Matt Levine of Bloomberg, my all-time favorite financial columnist, writes …
“In the week after Donald Trump‘s U.S. election victory, investors pulled more cash out of U.S. fixed-income funds than at any time over the last three years, in one early sign that the recent bond selloff may have legs. Big selloffs in bond markets often go hand in hand with investors taking money out of mutual funds. This can create a vicious cycle, whereby selling begets more selling.“
Let that sentence sink in for a bit. If it doesn‘t scare the daylights out of you, you are not reading it closely enough.
What Mr. Levine is trying to say is that the bond rout of the past few weeks may be just a preview of things to come. The fact is U.S. bonds are now going to sport a permanent risk premium. And that means they are unlikely to offer the kind of long-term return fixed–income investors have been so used to. It will take years to wring the complacency out of the market. And in the meantime, it will grind millions of bond buyers into dust as they naively try to “lock in” every fresh new top in yields.
Now let‘s think about it this for a second. If yields are headed higher, why would investors want to own stocks? If they could lock in guaranteed returns that were rising, why bother with the uncertainty of stocks? Sure, the environment looks benign now. But if yields on the 10–year go to 3%, stocks will lose a lot of their luster and the selloff will be more vicious and sudden than anyone imagines.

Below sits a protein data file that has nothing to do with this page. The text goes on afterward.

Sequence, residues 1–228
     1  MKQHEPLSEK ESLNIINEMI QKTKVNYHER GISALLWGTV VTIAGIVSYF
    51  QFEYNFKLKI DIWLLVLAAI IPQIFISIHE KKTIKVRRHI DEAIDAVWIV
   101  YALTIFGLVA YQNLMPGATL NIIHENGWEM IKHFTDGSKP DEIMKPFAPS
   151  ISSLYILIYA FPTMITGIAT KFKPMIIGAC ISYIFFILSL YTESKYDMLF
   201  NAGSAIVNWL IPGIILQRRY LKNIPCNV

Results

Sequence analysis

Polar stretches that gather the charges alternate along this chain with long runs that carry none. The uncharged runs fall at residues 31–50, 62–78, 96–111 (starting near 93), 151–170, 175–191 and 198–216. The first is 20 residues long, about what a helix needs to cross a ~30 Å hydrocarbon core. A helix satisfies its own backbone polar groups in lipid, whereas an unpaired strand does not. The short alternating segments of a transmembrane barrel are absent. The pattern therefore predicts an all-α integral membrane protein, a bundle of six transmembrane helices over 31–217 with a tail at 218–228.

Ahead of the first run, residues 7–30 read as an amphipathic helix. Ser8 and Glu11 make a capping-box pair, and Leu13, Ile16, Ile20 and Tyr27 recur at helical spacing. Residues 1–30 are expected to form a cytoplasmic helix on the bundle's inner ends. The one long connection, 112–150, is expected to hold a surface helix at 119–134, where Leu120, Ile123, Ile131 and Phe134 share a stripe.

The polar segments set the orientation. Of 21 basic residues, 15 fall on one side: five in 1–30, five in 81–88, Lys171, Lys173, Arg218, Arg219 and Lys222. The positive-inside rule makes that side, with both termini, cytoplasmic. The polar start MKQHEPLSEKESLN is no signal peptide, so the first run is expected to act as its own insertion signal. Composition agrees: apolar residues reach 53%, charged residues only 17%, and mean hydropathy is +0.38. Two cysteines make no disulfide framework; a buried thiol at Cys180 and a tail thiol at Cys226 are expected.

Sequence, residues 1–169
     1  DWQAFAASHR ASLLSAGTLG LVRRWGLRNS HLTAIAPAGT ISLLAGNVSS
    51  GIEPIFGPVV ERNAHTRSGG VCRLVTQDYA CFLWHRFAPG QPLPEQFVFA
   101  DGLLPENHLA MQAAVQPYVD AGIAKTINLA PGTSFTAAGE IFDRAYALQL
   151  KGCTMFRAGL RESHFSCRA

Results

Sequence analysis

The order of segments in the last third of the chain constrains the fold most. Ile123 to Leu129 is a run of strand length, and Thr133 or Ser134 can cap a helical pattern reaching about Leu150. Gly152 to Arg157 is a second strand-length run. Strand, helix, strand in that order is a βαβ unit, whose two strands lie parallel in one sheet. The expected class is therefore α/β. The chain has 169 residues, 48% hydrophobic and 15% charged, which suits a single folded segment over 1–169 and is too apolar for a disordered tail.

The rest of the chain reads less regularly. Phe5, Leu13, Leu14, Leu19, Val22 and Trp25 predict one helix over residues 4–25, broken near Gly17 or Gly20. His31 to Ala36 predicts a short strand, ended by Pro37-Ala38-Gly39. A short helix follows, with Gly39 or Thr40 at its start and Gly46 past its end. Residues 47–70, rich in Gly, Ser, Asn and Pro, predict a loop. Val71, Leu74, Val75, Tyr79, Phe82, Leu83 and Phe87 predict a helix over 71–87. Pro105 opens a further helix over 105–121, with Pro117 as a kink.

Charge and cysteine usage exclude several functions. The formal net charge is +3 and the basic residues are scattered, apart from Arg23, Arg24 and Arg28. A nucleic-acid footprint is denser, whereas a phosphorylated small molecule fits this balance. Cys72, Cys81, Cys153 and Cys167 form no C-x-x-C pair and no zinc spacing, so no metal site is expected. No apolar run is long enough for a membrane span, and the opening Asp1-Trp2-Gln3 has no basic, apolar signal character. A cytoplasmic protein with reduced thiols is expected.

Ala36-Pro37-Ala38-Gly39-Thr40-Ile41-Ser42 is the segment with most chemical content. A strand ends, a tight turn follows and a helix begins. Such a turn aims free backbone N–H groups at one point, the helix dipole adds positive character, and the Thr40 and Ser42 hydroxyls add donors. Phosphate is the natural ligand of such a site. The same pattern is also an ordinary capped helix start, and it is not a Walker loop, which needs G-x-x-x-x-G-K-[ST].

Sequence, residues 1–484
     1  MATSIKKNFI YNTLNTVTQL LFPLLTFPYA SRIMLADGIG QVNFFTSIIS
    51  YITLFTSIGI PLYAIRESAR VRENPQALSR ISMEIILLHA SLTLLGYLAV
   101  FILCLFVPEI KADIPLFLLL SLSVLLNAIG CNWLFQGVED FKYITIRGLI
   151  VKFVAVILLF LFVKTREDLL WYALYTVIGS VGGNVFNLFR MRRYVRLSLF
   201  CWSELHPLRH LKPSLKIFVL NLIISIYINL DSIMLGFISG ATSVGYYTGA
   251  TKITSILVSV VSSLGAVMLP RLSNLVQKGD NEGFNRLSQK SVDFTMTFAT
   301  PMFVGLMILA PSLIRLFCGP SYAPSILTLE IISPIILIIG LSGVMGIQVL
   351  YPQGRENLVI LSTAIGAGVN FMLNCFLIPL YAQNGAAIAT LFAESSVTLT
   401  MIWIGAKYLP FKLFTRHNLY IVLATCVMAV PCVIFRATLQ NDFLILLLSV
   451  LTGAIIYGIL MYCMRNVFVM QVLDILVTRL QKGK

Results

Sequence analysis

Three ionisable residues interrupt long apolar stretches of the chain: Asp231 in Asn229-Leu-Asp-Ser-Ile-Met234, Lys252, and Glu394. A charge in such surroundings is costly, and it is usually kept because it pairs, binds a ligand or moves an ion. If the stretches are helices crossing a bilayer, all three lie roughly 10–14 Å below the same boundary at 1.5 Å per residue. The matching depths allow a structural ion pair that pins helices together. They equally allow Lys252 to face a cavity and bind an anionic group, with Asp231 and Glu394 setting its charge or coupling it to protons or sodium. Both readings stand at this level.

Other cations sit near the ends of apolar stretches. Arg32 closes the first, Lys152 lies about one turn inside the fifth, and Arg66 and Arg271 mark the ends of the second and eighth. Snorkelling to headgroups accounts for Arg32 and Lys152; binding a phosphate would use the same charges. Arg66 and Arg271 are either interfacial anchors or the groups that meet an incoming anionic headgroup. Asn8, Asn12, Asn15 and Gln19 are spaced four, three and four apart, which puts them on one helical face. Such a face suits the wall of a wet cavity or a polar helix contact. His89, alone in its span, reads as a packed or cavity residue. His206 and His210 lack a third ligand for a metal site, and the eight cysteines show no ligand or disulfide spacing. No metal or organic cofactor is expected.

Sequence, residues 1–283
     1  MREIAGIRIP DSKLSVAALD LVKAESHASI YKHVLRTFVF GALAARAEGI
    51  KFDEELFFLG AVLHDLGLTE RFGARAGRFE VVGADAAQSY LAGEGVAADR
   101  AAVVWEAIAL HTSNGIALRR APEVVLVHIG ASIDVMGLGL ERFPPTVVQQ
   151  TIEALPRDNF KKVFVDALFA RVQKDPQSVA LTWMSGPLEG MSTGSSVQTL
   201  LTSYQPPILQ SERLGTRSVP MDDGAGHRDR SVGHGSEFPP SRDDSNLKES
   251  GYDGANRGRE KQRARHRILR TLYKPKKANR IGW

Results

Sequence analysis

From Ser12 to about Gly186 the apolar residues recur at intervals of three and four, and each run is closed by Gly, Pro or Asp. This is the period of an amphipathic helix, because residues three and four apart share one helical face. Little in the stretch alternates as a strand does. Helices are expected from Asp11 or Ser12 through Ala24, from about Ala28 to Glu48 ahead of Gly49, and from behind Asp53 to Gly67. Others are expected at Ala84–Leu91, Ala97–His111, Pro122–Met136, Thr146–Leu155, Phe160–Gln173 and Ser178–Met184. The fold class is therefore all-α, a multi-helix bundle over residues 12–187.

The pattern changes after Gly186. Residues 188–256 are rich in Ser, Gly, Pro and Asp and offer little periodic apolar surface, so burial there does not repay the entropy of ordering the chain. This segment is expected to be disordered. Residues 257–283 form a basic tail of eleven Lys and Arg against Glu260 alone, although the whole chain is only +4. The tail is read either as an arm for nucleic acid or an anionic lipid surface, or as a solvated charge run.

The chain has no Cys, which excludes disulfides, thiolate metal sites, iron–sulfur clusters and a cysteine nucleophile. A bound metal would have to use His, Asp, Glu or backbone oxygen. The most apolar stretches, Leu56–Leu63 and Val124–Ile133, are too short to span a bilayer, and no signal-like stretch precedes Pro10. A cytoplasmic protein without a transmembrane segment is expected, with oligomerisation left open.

The bond rout of the past few weeks may be
just preview of things to come.
Which brings me to my favorite market. Currencies. In the currency market, we love volatility. And with President-elect Trump essentially a one-man volatility machine, forex is sure to offer opportunities galore. Mr. Trump has already set his sights on the Federal Reserve, trying to pressure Ms. Yellen into raising rates faster. (Why he would do such a thing frankly befuddles me. For a president to ask the Fed for higher rates is like a basketball player asking a referee for a foul. Higher rates could only make Mr. Trump‘s plans for massive infrastructure spend more expensive.)
In any case, the pressure has risen on the Fed to act sooner rather than later. And this week, the market will get a preview of their thinking when the Federal Open Market Committee releases the minutes of their latest meeting, which took place just before the election. The conventional wisdom at the time was that Hillary Clinton would win and that the Fed would follow a “gradualist” approach to normalizing rates. That should make the reading of the notes in the wake of the Trump election even more interesting.
With Thanksgiving on the docket, the currency markets — like the rest of capital markets — are likely to slow down. But don‘t be fooled: Next week, with the U.S. employment report on the calendar, volatility in the currency market will return with a vengeance. And that should provide us with plenty of opportunities to take advantage of the price action. Let the volatility begin!